14 November 1996
SUBSIDIARY BODY FOR SCIENTIFIC AND TECHNOLOGICAL ADVICE
Geneva, 16-18 December 1996
Item 3 of the provisional agenda
I. INTRODUCTION 1- 5 2
A. Mandate 1 - 3 2
B. Scope of the note 4 3
C. Possible actions by the Subsidiary Body for
Scientific and Technological Advice 5 3
II. BACKGROUND 6 -14 3
III. ISSUES FOR CONSIDERATION BY THE SUBSIDIARY BODY
FOR SCIENTIFIC AND TECHNOLOGICAL ADVICE 15 - 23 5
Summary of Revised 1996 IPCC Guidelines for National
Greenhouse Gas Inventories 8
1. The Intergovernmental Negotiating Committee, at its ninth session, held from
7 to 18 February 1994, adopted decisions 9/1 on methodological
issues and 9/2 on guidelines for the preparation of first
communications by Parties included in Annex I to the Convention
(Annex I Parties). Decision 9/2 stipulated that "the IPCC Draft
Guidelines for National Greenhouse Gas Inventories should be used in
estimating, reporting and verifying inventory data ... Countries that
already have an established and comparable methodology could continue
to use that methodology, provided that they include sufficient
documentation to back up the data presented" (A/AC.237/55, annex I).
The Conference of the Parties (COP), at its first session, adopted
decision 3/CP.1(1) which stipulates
that the guidelines for the preparation of first communications by
Annex I Parties, as elaborated in the annex to decision 9/2 of the
Committee, should continue to be used by Annex I Parties in preparing
their communications. It also stipulates that Annex I Parties should
submit annually their emission inventory data by 15 April. By its
decision 4/CP.1, the Conference of the Parties decided to use the
Intergovernmental Panel on Climate Change (IPCC) Guidelines for
National Greenhouse Gas Inventories for the preparation of
communications by Parties included in Annex I to the
2. At its second session, the Conference of the Parties, by its
decision 9/CP.2,(2) adopted revised
guidelines for the preparation of communications by Parties included
in Annex I to the Convention. It also stipulated that anthropogenic
emissions and removals by sinks of all greenhouse gases (GHG) should
be reported in a complete, transparent and comparable way that avoids
double-counting or incomplete counting and it requested the
Subsidiary Body for Scientific and Technological Advice (SBSTA) to
consider, at its fourth session, any other possible additional
revisions to the guidelines arising from, inter alia, any
modifications to the IPCC Guidelines for National Greenhouse Gas
Inventories. At the same session, the COP also decided (decision
10/CP.2) that the IPCC Guidelines for National Greenhouse Gas
Inventories(3) or the simplified
default methodologies adopted by the IPCC should be used by non-Annex
I Parties, as appropriate and to the extent possible, in the
fulfilment of their commitments under the Convention.
3. Also, by its decision 9/CP.2, the Conference of the Parties
decided that Annex I Parties should report on partially fluorinated
hydrocarbons (HFCs), perfluorinated hydrocarbons (PFCs) and sulphur
hexafluoride (SF6 ). According to decision 10/CP.2,
non-Annex I Parties are encouraged to include partially fluorinated
compounds in their national inventories, as appropriate.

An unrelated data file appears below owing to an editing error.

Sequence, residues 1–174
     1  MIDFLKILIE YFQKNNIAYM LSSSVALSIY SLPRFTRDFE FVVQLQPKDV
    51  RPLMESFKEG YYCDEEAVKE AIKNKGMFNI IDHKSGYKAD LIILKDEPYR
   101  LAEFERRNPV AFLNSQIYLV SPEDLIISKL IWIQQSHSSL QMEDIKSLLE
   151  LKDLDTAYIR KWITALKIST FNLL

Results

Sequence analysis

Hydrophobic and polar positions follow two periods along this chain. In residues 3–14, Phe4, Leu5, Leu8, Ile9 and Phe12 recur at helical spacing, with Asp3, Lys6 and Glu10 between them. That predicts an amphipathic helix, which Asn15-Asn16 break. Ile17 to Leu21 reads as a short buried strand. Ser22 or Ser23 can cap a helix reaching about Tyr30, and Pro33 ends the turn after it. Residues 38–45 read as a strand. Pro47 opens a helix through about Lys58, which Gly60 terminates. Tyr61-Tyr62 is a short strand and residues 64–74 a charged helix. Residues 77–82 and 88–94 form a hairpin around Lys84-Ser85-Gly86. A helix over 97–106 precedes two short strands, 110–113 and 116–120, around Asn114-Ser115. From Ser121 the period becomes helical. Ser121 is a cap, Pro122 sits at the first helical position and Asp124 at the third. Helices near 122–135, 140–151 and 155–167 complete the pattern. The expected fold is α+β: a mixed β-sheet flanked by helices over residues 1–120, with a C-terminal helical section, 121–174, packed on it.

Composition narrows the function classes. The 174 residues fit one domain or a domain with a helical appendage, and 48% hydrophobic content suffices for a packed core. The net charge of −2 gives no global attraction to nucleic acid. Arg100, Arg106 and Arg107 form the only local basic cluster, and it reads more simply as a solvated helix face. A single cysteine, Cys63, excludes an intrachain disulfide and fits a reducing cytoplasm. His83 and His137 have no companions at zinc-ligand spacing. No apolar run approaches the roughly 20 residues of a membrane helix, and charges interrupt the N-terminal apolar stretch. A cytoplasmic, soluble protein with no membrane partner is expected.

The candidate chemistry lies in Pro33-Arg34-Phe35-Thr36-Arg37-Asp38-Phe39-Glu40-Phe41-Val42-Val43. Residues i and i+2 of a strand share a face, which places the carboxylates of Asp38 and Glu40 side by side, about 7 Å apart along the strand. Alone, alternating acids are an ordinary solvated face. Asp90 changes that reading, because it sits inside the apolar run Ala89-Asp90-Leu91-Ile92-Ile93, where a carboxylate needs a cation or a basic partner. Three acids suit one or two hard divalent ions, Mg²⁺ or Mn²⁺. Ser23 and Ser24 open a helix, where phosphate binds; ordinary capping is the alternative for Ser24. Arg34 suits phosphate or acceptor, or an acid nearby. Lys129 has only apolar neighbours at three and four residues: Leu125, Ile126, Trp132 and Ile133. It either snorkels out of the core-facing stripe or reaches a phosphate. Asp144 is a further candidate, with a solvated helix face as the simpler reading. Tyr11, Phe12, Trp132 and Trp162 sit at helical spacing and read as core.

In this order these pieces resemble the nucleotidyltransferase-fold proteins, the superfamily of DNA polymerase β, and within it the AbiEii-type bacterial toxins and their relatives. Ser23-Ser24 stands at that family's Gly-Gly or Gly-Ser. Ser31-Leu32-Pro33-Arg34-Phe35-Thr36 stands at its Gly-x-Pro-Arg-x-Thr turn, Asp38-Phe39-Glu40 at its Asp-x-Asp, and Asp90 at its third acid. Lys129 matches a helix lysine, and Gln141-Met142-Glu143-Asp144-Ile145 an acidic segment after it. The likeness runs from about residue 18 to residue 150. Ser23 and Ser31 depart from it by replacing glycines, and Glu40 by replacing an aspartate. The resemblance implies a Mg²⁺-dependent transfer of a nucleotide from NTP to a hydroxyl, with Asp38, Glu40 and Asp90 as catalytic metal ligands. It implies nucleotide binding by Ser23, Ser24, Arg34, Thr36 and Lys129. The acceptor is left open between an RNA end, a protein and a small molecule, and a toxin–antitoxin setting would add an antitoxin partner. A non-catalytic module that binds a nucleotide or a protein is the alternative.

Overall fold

4. The purpose of this note is to provide the SBSTA with an
overview of the most important revisions and additions to the
IPCC Guidelines for National Greenhouse Gas Inventories as
approved by the twelfth plenary session of the IPCC, held in Mexico
City from 11 to 13 September 1996. It also identifies issues for
consideration by the SBSTA regarding their adoption and
implementation. The revised guidelines, including revisions and
additions, are referred to in this document as the Revised 1996
Guidelines(4) and the original
guidelines are referred to as IPCC Guidelines (1995)
5. On the basis of this note, the SBSTA may wish to:
(a) Approve the Revised 1996 Guidelines developed by the
IPCC. In this regard Parties may wish to clarify the approach by
which emissions related to the consumption of HFCs, PFCs and
SF6 are to be reported; and, if approved,
(b) Decide how Parties should use the Revised 1996
Guidelines to report GHG inventories.
6. The IPCC initiated work to revise the IPCC Guidelines
(1995) at its tenth session, held in Nairobi from 10 to 12
November 1994, for the following sectors: (a) fuel combustion, (b)
industrial processes, (c) land-use change and forestry, (d)
agricultural soils, and (e) waste. At its eleventh session, held in
Rome from 11 to 15 December 1995, the IPCC decided to incorporate
methane emissions from rice cultivation. It subsequently accelerated
work on this sector at the behest of the SBSTA (FCCC/SBSTA/1996/8,
7. The IPCC convened seven expert groups to address the various
methodological issues. More than 200 scientists and technical
experts, approximately half of them from developing countries,
contributed to the process. The Revised 1996 Guidelines
underwent an expert peer review and a governmental review during the
summer of 1996.
8. The IPCC focused on revising and simplifying methods and
incorporating new data in particular relating to developing
countries. The basic structure of the guidelines has not changed, but
improvements and additional data are provided. For example, the basic
methods for estimating CO2 in the energy and
transportation sectors do not change significantly. Similarly the
methods for estimating emissions from the cement industry and from